in the long term as the logistics companies would find it
hard to scale to the required levels.
High Cash Burn Rate
Internet based e-commerce has besides, great advantages,
posed many threats because of its being what is popularly
called faceless and borderless.
Some examples of ethical issues that have emerged as a
result of electronic commerce. All of the following
examples are both ethical issues and issues that are
uniquely related to electronic commerce.
According to a study released by Internet And Mobile
Association of India (IAMAI) and Intelink Advisors,
about 150 million people in India or around 75 million
households are ready for ecommerce in India today.
However, less than 10 million are engaged in active
ecommerce today. The study adopted criteria of Income,
Education and Occupation to arrive at the number of
household capable of ecommerce today.
The key reasons for this mismatch between potential and
actual ecommerce consumers, as figure 1 represents and
identified by the study, are Lack of Trust, Fulfillment
issues, Shopping Experience.
At a recent conference, a venture capitalist mentioned that
a niche vertical eCommerce venture needs $50 million of
funding over time while a horizontal player would need
$300-400 million funds. Leaders in the e-commerce space
(ones that have raised money, have large teams and are
aggressively pursuing growth) are spending $1-2 million
(Rs 5-10 crore) a month, including on marketing,
overheads and salaries. At this rate of burn, smaller firms
with scant capital are unable to cope.
High Inventory/ Poor Supply Chains
Most of the eCommerce venture are complaining of the
excess inventory and absence of liquidation market in
India. The poor supply chain compounds inventory
problems due to unpredictability of the supply. The cost of
carrying the inventory is very high and successful ventures
would need to tackle the supply chain issues if they really
want to run a scale business. The other problem is in
unpredictability of delivery to the customers leading to
higher returns.
Ethical issues:
Jackie Gilbert Bette Ann Stead (2001),reported the
following ethical issues related to e-commerce.
1) Privacy
Cash on Delivery
Cash on Delivery (COD) has been touted as the innovation
to counter the low credit card penetration and payment
security issues on the internet. COD is a substantial
proportion of the sales today contributing to anywhere
between 11% (for Perperfry) to 60% in most of the cases.
The COD is unsustainable as it pushes up the cost of
transaction by Rs 30-60 per transaction. Given the low
profitability and small ticket size on eCommerce sites, the
entire gross margin gets erased by COD. On top of this the
problem is that of high returns as the consumers often
Privacy has been and continues to be a significant issue of
concern for both current and prospective electronic
commerce customers. With regard to web interactions and
e- commerce the following dimensions are most salient:
(1) Privacy consists of not being interfered with, having
the power to exclude; individual
privacy is a moral right.
(2) Privacy is "a desirable condition with respect to
possession of information by other persons about
him/herself on the observation/perceiving of him/herself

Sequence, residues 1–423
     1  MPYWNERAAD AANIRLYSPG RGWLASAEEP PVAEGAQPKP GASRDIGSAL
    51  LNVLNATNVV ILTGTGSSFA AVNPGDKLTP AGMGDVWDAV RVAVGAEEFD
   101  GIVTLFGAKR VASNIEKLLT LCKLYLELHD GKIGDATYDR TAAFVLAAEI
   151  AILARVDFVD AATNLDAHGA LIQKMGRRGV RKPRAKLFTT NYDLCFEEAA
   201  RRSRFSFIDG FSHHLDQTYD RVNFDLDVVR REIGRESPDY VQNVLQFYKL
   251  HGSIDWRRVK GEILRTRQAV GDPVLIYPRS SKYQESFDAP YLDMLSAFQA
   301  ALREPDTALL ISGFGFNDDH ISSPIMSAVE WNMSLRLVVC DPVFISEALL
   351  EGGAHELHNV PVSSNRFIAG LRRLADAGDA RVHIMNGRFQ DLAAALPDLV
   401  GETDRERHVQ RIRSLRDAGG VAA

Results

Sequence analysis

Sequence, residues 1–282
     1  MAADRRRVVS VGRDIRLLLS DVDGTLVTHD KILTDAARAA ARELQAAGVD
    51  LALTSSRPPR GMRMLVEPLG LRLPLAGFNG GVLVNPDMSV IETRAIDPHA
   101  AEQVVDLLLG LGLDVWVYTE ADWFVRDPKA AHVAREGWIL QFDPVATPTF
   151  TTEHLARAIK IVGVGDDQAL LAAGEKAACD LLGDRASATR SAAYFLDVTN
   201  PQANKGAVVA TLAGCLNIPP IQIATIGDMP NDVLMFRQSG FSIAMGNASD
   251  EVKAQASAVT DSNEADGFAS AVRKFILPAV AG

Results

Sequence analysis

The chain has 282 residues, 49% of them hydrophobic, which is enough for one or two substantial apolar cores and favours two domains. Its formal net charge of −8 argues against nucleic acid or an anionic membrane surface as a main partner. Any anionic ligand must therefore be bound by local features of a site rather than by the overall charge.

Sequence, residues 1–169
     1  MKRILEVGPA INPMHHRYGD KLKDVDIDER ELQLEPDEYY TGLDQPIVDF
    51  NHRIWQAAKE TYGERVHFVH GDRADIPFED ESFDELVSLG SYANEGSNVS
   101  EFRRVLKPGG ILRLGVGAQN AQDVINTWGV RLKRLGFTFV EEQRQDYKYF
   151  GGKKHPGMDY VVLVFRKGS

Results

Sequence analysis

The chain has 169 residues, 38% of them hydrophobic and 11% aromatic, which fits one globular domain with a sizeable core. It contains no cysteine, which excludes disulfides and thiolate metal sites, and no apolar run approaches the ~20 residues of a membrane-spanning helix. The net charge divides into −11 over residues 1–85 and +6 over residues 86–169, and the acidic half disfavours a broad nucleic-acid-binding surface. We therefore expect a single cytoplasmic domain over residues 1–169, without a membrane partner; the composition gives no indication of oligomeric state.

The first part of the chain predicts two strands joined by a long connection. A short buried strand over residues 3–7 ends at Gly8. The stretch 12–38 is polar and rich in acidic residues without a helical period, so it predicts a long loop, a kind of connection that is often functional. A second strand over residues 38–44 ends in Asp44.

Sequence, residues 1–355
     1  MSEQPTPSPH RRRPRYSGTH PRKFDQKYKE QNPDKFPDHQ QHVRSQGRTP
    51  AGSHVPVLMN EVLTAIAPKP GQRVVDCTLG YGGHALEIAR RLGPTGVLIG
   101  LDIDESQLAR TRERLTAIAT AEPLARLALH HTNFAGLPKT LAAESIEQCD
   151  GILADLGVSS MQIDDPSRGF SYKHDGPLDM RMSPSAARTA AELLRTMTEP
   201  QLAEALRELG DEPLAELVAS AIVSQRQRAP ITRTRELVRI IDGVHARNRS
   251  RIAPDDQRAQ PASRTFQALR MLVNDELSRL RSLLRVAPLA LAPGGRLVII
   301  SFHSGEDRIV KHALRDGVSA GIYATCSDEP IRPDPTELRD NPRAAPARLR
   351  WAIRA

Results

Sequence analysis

by other persons"
* Asst. Professor, Department of Management Studies of Koshys Institute of Management Studies,
Hennur Baglur road, Bangalore – 562149 Email: [email protected] cell : 9900342610
E-commerce: Opportunities and Challenges
*Mr. Amith Vikram MA *
Security concerns
In addition to privacy concerns, other ethical issues are
involved with electronic commerce. The Internet offers
unprecedented ease of access to a vast array of goods and
services. The rapidly expanding arena of "click and
mortar" and the largely unregulated cyberspace medium
have however prompted concerns about both privacy and
data security.
Journal of Advances in Developmental Research : ECommerce Challenges and Opportunities from Patel
http://www.youtube.com/watch?v=-zNKnAD38uc ( You
tube panel discussion between Dirk van Quaquebeke and
Kunal Bahl).
With the development of computer technology, the World
Wide Web has become the connection medium for the
networked world. Computers from locations that are
geographically dispersed can talk with each other through
the Internet. As with any new technology, there are
positives and negatives associated with its use and
Adoption. Finally, an e-marketplace can serve as an
information agent that provides buyers and sellers with
information on products and other participants in the
re=related (vivek nayak IAMAI Digital Conference 14 09 2011
E-commerce creates new opportunities for business; it also
creates new opportunities for education and academics. It
appears that there is tremendous potential for providing ebusiness education.
Elizabeth Goldsmith and Sue L.T. McGregor(2000); Ecommerce: consumer protection issues and implications
for research and education; J Consumer Studies & Home
Economics; Vol.24, No.2, June 2000, pp.124–127.
Prithviraj Dasgupta and Kasturi Sengupta(2002); ECommerce in the Indian Insurance Industry; Electronic
Commerce Research; Vol.2, 2002; pp.43-60.
Young Jun Choi1, Chung Suk Suh(2005); The death of
physical distance: An economic analysis of the emergence
of electronic marketplaces; pp.597-614.
Jackie Gilbert Bette Ann Stead (2001); Ethical Issues in
Electronic Commerce; Journal of Business Ethics; Vol.34,
2001; pp.75-85.
International Journal of Marketing, Financial services &
Management Research: Challenges and Opportunities of
E-commerce from Dr.S.Hariaharaputhiram
* Asst. Professor, Department of Management Studies of Koshys Institute of Management Studies,
Hennur Baglur road, Bangalore – 562149 Email: [email protected] cell : 9900342610